Credit: Baranidharan Raman

The year was 2016 and the headlines talked about something called cyborg insects and reflected on a branch of technology called biorobotics.

Washington University in St. Louis has made news with their research efforts to use cyborg insects as biorobotic sensing machines. Translation: University engineers wanted to see if they could capitalize on the sense of smell in locusts for sensing systems that could be used by such departments as homeland security.

Barani Raman, an associate professor at the Washington University's biomedical engineering, and his team have been studying how are received and processed in locusts' brains. Fundamental olfactory processing in was in the spotlight; Raman focused on how sensory signals are received and processed in their relatively simple brains and his team fashioned a cyborg sniffer.

Fast forward from 2016 to Monday. New Scientist reported that cyborg grasshoppers have been engineered to sniff out explosives.

How the system works: Bomb-sniffing grasshoppers are kitted out with backpacks. They are engineered to transmit data to reveal explosive chemicals. The signals are transmitted wirelessly to a computer from their attached backpacks.

Again, it was Prof. Raman and colleagues at Washington University in St. Louis, featured this time for having tapped into "the olfactory senses of the Schistocerca americana, to create bomb sniffers, uniting sensors of a grasshopper with electronics. Donna Lu reported in New Scientist that these tiny lightweight sensor backpacks fitted to the grasshoppers "were able to record and wirelessly transmit the almost instantaneously to a computer."

What gives insects a special edge on sniffing out dangerous systems?

New Scientist: Consider olfactory receptor neurons in the antennae. They pick up on chemical odors in the air. They send electrical signals to a part of the insect brain known as the antennal lobe. Each grasshopper antenna has approximately 50,000 of these neurons.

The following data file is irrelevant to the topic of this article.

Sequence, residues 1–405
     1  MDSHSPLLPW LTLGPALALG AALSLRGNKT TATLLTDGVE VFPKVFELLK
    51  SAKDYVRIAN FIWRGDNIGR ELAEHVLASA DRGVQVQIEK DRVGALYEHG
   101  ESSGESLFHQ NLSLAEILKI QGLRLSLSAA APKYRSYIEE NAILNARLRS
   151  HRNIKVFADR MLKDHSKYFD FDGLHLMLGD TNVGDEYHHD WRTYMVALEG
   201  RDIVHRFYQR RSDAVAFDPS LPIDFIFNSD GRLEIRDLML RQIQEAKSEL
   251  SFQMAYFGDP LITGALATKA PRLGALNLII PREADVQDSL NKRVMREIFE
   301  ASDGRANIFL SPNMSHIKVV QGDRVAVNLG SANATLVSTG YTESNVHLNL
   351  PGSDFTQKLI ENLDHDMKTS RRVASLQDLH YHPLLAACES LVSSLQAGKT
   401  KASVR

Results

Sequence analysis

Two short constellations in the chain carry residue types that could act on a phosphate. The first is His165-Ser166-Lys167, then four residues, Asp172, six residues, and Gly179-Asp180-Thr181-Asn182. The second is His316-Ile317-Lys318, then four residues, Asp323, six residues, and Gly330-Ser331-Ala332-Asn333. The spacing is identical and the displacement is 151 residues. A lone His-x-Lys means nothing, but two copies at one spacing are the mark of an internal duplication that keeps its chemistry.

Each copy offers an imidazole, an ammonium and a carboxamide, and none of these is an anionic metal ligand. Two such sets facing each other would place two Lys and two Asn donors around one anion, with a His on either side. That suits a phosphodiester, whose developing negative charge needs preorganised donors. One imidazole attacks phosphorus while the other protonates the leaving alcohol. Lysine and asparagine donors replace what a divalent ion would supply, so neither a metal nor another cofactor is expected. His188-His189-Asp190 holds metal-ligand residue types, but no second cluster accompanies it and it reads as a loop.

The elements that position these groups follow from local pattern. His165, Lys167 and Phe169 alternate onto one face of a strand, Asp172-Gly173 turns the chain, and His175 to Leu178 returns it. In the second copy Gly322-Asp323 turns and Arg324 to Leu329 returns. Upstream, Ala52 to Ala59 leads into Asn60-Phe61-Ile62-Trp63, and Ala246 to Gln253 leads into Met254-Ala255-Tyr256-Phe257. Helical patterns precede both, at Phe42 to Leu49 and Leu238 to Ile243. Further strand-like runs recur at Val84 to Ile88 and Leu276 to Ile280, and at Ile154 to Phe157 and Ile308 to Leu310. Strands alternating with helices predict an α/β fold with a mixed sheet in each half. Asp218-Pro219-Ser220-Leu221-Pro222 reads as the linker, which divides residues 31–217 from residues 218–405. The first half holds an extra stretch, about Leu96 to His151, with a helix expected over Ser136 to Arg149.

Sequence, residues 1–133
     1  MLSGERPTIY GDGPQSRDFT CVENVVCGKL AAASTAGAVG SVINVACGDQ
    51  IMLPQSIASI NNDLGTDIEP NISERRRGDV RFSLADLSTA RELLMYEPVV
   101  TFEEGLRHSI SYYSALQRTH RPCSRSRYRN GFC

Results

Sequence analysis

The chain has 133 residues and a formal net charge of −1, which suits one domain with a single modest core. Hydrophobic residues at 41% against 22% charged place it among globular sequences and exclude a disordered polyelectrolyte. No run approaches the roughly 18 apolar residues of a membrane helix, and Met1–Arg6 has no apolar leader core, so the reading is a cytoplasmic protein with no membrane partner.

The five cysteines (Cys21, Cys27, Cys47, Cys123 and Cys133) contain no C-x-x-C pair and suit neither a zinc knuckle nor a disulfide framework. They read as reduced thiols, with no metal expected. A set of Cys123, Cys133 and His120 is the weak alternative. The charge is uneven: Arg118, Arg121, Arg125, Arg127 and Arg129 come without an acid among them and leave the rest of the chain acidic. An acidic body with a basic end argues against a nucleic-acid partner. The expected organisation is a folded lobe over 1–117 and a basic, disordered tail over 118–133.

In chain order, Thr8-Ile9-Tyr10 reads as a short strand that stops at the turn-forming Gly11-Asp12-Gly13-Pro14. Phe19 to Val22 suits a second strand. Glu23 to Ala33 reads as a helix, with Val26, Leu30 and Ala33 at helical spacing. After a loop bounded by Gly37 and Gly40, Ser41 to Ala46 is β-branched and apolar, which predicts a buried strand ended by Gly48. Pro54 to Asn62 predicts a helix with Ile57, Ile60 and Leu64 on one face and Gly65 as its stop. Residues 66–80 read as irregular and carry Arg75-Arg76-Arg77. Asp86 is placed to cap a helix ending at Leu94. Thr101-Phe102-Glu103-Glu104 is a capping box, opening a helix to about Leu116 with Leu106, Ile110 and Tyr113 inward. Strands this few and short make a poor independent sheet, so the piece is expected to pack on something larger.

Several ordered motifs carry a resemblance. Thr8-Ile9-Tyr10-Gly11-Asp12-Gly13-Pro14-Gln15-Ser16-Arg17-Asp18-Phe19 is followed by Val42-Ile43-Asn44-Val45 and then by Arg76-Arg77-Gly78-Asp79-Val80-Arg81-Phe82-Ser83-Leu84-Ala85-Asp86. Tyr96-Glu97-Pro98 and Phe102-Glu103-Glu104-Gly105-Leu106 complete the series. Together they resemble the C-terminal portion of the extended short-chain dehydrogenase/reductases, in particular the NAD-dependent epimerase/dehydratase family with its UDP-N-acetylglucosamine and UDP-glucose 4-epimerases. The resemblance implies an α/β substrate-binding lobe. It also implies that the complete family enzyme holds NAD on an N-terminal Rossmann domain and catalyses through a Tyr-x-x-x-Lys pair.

In their testing, the team implanted tiny electrodes into the insects' antennal lobes and puffed vapors of different explosive materials. The non-explosive controls were hot air and benzaldehyde. Vapors of different explosive materials puffed into the antennae included TNT and DNT.

"The last step was to fit grasshoppers with a sensor 'backpack' which would record and transmit their in real-time to a computer, where it would be interpreted," said ZME Science.

What were the test results? Recordings of neural activity from seven grasshoppers were around 80 percent accurate,

"The grasshoppers' brains continued to successfully detect explosives up to seven hours after the researchers implanted the electrodes, before they became fatigued and ultimately died," said Lu.

Not only that, and also impressive: "The grasshoppers were able to detect where the highest concentration of explosives was when the team moved the platform to different locations," said New Scientist.

The paper "Explosive sensing with insect-based biorobots" is up on the preprint server bioRxiv. The authors stated that "We demonstrate a bio-robotic chemical sensing approach where signals from an insect brain are directly utilized to detect and distinguish various explosive chemical vapors."

They said in their paper that they believed their approach was not that different from the 'canary in a coal mine' approach, "where the viability of the entire organism is used as an indicator of absence/presence of toxic gases."

More information: Debajit Saha et al. Explosive sensing with insect-based biorobots, biorxiv (2020). DOI: 10.1101/2020.02.10.940866